Granny’s Biscuit Bread Pudding-Southern Baking. This is my Granny Benefield’s original recipe for bread pudding. Her and my Grandaddy lived on a big farm in Collard Valley GA. She made a pan of biscuits and a pone of cornbread every single day and she would have leftovers a lot of times. She used the left over buttermilk biscuits to make a simple and easy but delicious bread pudding. The pudding is moist but the top is crusty! It is a tradition in country cooking not to waste anything! We add a little cinnamon and nutmeg to ours and we love it! I hope you enjoy this authentic old recipe!
CVC is where I teach you to cook like my Southern mama, maw maw and granny did! We focus on bringing you our real-life kitchen with every step of the recipe, so you can learn how to time meals and put them together for your family.
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CVC encourages you to learn good cooking habits and methods that will make preparing a meal easy and enjoyable. Many methods called “Southern” or “Country” are used all over the US and the world. We want to preserve the unique methods and flavors that we grew up with in our part of the Southern US in the North Georgia and North Alabama area. Some general tips to make cooking more enjoyable and successful are to…
1.Read recipes through before cooking
2. Make sure you have the right ingredients
3. Make sure you have the right cooking tools (for example some recipes call for cast iron)
4. Cook ahead when possible (some things can be stored and used later like broth or browned ground beef)
5. Consider the time each meal will take to prepare
6. Consider the time each dish will take to prepare (some items can sit and be kept warm while others need to be served hot).
7. Study new techniques before you try them. Watch some video or read about them.
8. Taste while you cook, spices should never overwhelm the dish. Add a little at a time because once added they cannot be taken out!
Practice makes perfect. Do not give up after one failure. Some techniques require repeated effort to master.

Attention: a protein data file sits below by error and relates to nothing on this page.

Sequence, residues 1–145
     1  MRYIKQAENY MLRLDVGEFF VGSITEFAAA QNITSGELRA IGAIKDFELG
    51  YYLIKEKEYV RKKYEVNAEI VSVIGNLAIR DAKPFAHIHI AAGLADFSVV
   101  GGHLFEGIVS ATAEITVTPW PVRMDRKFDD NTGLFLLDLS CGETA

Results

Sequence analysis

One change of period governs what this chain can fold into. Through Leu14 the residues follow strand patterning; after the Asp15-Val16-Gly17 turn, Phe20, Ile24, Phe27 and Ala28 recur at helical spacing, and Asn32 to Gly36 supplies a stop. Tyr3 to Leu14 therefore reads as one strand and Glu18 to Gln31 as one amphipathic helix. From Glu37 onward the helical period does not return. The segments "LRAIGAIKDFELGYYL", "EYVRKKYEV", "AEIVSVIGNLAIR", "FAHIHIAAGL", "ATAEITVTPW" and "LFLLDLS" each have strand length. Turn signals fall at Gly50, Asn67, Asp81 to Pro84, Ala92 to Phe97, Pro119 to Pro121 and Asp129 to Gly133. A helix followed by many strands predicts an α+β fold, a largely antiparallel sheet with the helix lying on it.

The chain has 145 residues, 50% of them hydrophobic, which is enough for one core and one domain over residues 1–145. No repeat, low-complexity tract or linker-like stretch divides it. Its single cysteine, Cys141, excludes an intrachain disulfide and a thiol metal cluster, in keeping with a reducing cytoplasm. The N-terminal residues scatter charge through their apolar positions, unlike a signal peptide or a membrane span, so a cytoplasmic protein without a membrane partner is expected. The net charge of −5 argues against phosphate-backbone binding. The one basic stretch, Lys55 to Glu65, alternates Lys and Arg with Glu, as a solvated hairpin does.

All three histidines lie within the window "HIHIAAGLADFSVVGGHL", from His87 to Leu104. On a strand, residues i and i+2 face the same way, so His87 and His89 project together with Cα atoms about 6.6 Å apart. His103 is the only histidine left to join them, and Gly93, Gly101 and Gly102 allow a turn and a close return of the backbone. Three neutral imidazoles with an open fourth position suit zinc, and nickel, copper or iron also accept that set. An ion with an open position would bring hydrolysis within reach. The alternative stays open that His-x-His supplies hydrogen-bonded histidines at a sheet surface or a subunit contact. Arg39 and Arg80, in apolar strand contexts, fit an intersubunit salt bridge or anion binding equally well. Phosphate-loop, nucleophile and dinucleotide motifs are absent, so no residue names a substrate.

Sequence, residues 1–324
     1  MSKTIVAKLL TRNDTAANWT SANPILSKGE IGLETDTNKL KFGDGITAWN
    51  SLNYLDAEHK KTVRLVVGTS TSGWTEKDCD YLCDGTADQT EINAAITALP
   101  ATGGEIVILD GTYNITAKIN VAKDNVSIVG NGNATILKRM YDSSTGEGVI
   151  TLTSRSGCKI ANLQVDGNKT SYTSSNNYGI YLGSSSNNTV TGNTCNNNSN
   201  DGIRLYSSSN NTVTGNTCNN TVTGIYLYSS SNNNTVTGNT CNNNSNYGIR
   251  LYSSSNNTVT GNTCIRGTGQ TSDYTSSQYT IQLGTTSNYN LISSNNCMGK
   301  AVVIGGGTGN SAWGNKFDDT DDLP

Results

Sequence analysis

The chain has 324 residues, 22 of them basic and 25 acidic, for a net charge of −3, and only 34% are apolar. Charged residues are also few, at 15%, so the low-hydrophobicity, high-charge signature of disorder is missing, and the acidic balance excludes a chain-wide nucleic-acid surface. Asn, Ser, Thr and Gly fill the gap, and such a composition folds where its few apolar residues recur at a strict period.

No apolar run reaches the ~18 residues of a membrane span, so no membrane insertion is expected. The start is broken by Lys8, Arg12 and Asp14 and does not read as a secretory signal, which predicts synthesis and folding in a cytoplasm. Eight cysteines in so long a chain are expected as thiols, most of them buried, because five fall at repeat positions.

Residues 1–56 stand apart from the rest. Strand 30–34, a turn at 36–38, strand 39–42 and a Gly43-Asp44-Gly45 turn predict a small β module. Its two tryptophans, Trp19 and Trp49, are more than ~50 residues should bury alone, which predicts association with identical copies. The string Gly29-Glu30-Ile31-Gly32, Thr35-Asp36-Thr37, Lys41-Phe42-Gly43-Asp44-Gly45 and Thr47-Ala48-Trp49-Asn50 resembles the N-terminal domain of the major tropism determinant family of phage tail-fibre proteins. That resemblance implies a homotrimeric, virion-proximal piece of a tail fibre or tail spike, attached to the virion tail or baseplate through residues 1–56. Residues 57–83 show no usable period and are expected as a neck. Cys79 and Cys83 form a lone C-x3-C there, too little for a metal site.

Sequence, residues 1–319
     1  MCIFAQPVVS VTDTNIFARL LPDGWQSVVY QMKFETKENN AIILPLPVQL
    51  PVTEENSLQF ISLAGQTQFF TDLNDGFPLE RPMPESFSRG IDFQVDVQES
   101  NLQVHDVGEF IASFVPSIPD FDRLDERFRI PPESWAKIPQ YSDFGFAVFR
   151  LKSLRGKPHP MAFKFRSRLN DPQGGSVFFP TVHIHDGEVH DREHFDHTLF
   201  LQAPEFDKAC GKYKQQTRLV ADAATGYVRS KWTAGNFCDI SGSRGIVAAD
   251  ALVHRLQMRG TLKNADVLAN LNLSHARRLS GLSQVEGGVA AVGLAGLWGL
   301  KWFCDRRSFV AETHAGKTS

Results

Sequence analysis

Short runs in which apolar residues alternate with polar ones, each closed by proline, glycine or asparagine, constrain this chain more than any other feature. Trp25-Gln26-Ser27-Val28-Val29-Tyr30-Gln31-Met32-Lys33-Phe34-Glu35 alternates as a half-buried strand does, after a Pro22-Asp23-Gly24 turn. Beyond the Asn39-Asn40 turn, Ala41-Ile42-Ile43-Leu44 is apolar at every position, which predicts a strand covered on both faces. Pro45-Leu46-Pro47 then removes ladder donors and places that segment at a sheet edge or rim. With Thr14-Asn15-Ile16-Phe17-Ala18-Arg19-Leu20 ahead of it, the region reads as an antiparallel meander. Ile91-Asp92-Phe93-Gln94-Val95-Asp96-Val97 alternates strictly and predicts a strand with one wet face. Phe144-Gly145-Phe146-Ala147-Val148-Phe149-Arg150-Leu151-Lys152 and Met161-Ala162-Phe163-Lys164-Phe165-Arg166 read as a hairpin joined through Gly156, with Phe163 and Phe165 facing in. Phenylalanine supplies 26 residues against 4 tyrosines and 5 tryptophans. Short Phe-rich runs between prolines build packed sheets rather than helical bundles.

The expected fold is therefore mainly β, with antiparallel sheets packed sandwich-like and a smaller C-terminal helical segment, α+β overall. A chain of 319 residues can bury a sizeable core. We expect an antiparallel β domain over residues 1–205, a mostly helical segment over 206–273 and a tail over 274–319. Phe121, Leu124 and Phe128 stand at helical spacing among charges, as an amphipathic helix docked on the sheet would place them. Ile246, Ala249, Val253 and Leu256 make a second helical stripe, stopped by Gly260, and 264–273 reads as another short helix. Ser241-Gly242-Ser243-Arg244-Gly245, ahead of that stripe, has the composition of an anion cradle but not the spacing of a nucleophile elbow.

9. Think ahead when shopping for meals. Pay attention to what is on sale in your local grocery.
10. Learn which grocery stores in your area have the best meats or freshest vegetables and stay away from those that you know have lower quality.
For cleanliness in the kitchen…
1. Keep a sink full of warm soapy water while you cook
2. Use clean dish rags and towels
3. Clean as you go
4. Deglaze pans for easier washing
5. Never pour grease or oil down the sink. Pour off in glass or plastic containers and dispose of it once cooled.
Use a good cooking encyclopedia for terms that you see in recipes. I like the Fannie Farmer Cookbooks. The internet is a good source of information, but you need to make sure people know what they are doing on the videos you watch. Get more than one opinion when you search the internet or watch YouTube. I try to keep things in easy to understand terms when I cook or give recipes so there may be times when I use the incorrect term. I do try to always demonstrate and show the viewer what I mean when I demonstrate a recipe. I am not a trained chef but I am an experienced and successful home cook that learned from other family cooks that made wonderful traditional southern dishes using vegetables and meats the grew themselves. I continue to learn today. That is the wonderful thing about cooking, you never know everything. There is always something new to try and to learn!
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